Note: I said I used a custom algorithm in the video, but I reverted back to tweepy for the final version.

Inspiration

I got the main inspiration for this project from two catastrophes: the car crashing in Woodfield Mall and the Parkland Shooting in 2017. In both of these incidents, social media was much faster and more detailed in reports regarding what is happening inside the building than traditional authorities. While the police and news were reporting with vague, broad terms, platforms such as Snapchat and Twitter were posting live, real footage of the incidents. This got me thinking. If social media is such a valuable resource, why is it so underutilized for informing the general public? There are two reasons: the first is that it is hard to keep track of everything on social media by location. The second is that a lot of people just don’t have social media. I decided to try to solve these issues with my project.

What it does

I designed a bot that can tell you if your local area is having a disaster scenario based on Social Media activity. My app reads your location, takes tweets off of Twitter by your location with a custom filtering algorithm, and runs it through a State of the Art AI to determine the subject matter of the tweets. After isolating tweets identified as talking about some sort of disaster (earthquake, mass shooting, etc) with this method, the bot will post all your local disaster-related tweets to your phone/PC. If a threshold of x disaster-related tweets has been reached in a certain amount of time, it will send out a text notification with several keywords prevalent in these tweets to notify people that there is a disaster scenario going on.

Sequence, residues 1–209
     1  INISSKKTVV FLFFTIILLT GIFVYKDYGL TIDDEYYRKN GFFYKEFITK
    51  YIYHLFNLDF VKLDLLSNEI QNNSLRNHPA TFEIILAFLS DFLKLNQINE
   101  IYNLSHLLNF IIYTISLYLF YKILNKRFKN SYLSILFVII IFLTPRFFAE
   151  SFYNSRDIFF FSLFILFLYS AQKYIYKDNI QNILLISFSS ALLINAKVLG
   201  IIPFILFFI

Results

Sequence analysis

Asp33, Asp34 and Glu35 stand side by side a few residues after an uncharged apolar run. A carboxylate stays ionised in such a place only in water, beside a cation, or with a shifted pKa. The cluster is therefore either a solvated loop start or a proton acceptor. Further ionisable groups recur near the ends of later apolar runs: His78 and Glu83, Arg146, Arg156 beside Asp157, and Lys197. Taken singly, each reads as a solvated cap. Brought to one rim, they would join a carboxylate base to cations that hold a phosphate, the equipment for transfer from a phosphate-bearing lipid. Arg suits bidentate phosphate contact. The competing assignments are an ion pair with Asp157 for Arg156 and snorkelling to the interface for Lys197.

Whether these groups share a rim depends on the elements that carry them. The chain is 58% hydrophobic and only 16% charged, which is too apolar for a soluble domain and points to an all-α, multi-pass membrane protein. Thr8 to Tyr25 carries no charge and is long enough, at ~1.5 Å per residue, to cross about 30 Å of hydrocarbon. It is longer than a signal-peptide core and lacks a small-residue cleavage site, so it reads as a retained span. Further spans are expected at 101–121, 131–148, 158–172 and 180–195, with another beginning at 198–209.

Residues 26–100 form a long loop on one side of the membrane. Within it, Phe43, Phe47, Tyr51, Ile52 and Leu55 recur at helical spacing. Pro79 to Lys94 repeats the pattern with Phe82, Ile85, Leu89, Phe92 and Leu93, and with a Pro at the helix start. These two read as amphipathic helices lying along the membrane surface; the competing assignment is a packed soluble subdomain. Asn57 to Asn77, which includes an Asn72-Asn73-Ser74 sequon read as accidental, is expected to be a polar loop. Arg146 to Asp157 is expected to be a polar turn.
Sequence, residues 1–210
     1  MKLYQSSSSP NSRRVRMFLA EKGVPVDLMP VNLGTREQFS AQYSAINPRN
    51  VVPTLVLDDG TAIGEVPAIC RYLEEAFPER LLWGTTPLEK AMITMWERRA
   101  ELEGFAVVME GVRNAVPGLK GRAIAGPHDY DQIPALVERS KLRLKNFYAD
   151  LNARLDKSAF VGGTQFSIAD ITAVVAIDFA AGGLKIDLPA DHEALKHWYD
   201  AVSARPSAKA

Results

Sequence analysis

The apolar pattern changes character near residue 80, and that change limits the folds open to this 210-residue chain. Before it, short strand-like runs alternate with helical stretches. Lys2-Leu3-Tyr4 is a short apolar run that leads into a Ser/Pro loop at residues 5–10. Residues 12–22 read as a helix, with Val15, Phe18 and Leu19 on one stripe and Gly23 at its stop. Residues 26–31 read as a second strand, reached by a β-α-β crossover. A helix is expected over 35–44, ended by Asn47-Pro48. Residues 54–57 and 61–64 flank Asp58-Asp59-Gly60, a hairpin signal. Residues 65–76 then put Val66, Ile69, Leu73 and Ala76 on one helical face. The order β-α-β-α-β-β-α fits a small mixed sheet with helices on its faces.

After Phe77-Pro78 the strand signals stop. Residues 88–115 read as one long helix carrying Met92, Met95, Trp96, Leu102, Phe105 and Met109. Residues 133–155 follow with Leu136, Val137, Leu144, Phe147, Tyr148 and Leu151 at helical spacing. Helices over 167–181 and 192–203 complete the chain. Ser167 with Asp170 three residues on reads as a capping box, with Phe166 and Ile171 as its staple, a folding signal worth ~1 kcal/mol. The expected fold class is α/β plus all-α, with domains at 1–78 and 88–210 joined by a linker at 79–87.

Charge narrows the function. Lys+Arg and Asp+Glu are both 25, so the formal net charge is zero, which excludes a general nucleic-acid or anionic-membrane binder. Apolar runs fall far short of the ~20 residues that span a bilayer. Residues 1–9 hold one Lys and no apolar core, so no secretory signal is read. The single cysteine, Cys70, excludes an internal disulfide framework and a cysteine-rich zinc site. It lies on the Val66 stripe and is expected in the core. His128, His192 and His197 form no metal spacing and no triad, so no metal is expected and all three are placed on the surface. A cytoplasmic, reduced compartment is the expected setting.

How I built it

The first step to build this project was creating the AI on Kaggle.com. I used the “Natural Language Processing with Disasters” competition and created a Recurrent Neural Network (LSTM) that was able to get 86% accuracy on the validation dataset. Some of the techniques utilized to create this model included GloVe vectorization, Tensorflow, Pandas, Keras, and Numpy. Next, I set up a script that could get tweets from Twitter via Tweepy. This script used a custom location filtering algorithm to filter tweets so that it is not loading hundreds of tweets at once. Next, I developed the website. I first created a static website template with HTML in notepad++, then created a flask server that I could deploy it with. After that, I made a few functions that could integrate the AI as a filter for tweets the bot is receiving. Next, I set Flask up to use the IP address the user logs in from as their location for the filter. After that, I added a function that utilizes Twilio for the bot to push text notifications to users. All that was left now was combining everything together. I incorporated all of the functions into one script and configured the app to run on the cloud with ngrok.

Challenges I ran into